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48 Years Later, Congo Hostages Reunite

  • Philip Graitcer

Freed hostages walk toward the airfield in Stanleyville for evacuation, November 1964.

Freed hostages walk toward the airfield in Stanleyville for evacuation, November 1964.

A gray Hercules C-130E military transport plane sits outside the National Aviation Museum in Warner Robins, Georgia, its flying days over. With its fading paint, it's hard to imagine the plane was once at the center of an international hostage drama.

In August 1964, in the central African country known today as the Democratic Republic of Congo, a militant rebel group called the Simbas seized nearly 2,000 U.S. and European citizens, many of them missionaries, and held them hostage in Stanleyville, a city they had just taken from government soldiers.

On November 24 of that year, Belgian and American military forces mounted a dramatic airborne mission to rescue the hostages and crush the Simba rebellion. Though the mission succeeded, dozens of hostages were killed by the rebels before they could be freed.

Now, 48 years later, six of those airlifted to safety on the plane returned to see it and to meet its pilot for the first time.

Mack Secord, now 81, was the 35-year-old pilot of the C-130 on November 24, 1964, when the missionaries and their children were rescued from Stanleyville.

"I’m sorry I didn’t have a chance to come back and welcome you aboard in Stanleyville," he said to the group, "but we were a little busy."

Busy is an understatement. His airplane was part of a squadron of a dozen C-130s on a secret mission to end the rebellion and rescue more than 1800 hostages.

"The first six airplanes had the Belgian para-commandos, and they were going to drop them onto the airport and clear off all that garbage that the Simbas had put on the runway - the 55-gallon [208-liter] drums filled with water and the old car bodies and so forth," Secord said. "We were going to come in and land and offload ammunition and supplies. My instructions were to get there, park, but don’t shut off the engines, because we expected you in 30-to-45 minutes. Well, it was about two hours, and we were worried about fuel."
Pilot Mack Secord (top right) is reunited with the former hostages he flew to safety in 1964. (Bottom row from left) Marilyn Wendler, Bob McAllister, Jean and Al Larson. (Top row from left) Ruth Reynard and Larry Southard.(VOA/P. Graitcer)

Pilot Mack Secord (top right) is reunited with the former hostages he flew to safety in 1964. (Bottom row from left) Marilyn Wendler, Bob McAllister, Jean and Al Larson. (Top row from left) Ruth Reynard and Larry Southard.(VOA/P. Graitcer)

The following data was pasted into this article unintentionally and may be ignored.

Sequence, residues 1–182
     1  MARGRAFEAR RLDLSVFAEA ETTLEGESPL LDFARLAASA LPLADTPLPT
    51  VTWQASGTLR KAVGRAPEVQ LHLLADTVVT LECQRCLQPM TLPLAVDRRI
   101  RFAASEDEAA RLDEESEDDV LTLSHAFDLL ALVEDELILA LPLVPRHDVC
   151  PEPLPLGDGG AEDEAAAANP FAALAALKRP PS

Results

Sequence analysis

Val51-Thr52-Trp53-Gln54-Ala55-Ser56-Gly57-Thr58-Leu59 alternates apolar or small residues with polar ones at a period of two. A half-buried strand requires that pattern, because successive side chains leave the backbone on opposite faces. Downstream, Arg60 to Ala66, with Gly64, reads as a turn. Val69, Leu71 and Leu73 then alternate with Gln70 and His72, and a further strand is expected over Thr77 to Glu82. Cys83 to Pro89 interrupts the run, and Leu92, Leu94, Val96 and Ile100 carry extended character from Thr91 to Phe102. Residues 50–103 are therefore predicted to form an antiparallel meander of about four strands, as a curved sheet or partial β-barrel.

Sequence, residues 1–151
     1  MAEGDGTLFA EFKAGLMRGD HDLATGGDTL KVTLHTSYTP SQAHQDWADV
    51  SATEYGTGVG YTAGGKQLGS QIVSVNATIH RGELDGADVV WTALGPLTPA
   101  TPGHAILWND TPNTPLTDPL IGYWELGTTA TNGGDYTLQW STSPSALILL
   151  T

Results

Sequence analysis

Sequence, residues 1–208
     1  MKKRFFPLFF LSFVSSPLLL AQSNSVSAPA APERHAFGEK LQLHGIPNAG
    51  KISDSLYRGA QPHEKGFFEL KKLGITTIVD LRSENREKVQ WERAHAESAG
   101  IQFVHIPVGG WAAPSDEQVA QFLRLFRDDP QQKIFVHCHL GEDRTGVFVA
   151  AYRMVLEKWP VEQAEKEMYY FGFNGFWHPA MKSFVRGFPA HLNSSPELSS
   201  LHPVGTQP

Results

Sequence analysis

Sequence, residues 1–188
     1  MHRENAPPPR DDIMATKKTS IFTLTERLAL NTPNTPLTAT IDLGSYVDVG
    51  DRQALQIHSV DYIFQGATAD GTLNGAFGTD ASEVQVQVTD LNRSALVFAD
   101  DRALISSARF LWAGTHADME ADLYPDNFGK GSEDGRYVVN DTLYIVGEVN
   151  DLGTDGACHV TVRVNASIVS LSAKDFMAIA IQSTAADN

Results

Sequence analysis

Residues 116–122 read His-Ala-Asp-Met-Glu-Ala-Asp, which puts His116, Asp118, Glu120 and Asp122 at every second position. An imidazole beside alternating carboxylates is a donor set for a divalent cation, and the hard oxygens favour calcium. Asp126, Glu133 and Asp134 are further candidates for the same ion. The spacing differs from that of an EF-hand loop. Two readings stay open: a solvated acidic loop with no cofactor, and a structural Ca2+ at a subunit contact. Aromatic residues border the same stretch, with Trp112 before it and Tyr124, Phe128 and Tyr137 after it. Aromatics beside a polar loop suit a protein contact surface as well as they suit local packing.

About 100 former hostages were loaded into the plane’s cargo hold, including Bob McAllister, now 87, who came to the reunion with his daughter, Ruth.

"The whole side there and the side here lined with people being rescued," said McAllister, who'd been a missionary in the Congo for a dozen years. "And, on the center isle here, they had stretchers of some of the wounded people, and so we were a crowded bunch here."

As the plane took off, Secord looked out the cockpit window.

"As we taxied out with you all on board, the Simbas leaped out of the tall grass next to the taxiway," he said, "and they shot straight up and they shot into this wing over here."

And punctured the fuel tank. Secord, afraid the leaking fuel would catch fire, shut down the engine. With only three engines, and low on fuel, he still managed to fly the freed hostages to safety.

Newsreels of the airlift appeared in theaters across the U.S. and Britain. Life Magazine ran an article about it. Eventually, the pilot and the former hostages moved on with their lives.

Secord retired from the Air Force and became a businessman. The rescued hostages continued their careers as missionaries. Neither they, nor Secord, gave thought much about the airlift, until last year.

Secord got a call from an old Air Force friend, the director of the National Aviation Museum. The museum had received a retired C-130, and the plane’s maintenance records showed that it had been damaged in combat in the Congo in November 1964. His friend was sure it was Secord’s plane.

When the plane was formally put on display at the museum, Secord attended the dedication ceremony. The story about a pilot being reunited with his airplane was reported in the local newspaper and republished on the Internet. That’s how Marilyn Wendler, who was just 4 years old at the time of the rescue, heard about it.

"When we read the bio of the plane and it said that it had had a fuel tank hit on takeoff, some of our group remembered that," she said. "And so we were like this must be the airplane."

Wendler called the museum, got Secord’s telephone number, and arranged a reunion.

"Who would have thought? This is 48 years have gone by," Wendler said. "We kind of stopped thinking about it. And now it’s all revived, so it's amazing. I remember walking in the back end of this huge airplane, sitting on the side in a hammock seat just really happy that the U.S. government came and got us, that the U.S. Air Force was there."

Secord is happy, too.

"I’ve never seen these people before. I was sitting in the seat with the engines running," he said. "I had no idea that someday I’d be reacquainted with some of the passengers. It is a real thrill to be with some of them."

For the C-130, it’s the second time the plane has united the pilot with the people he helped save.

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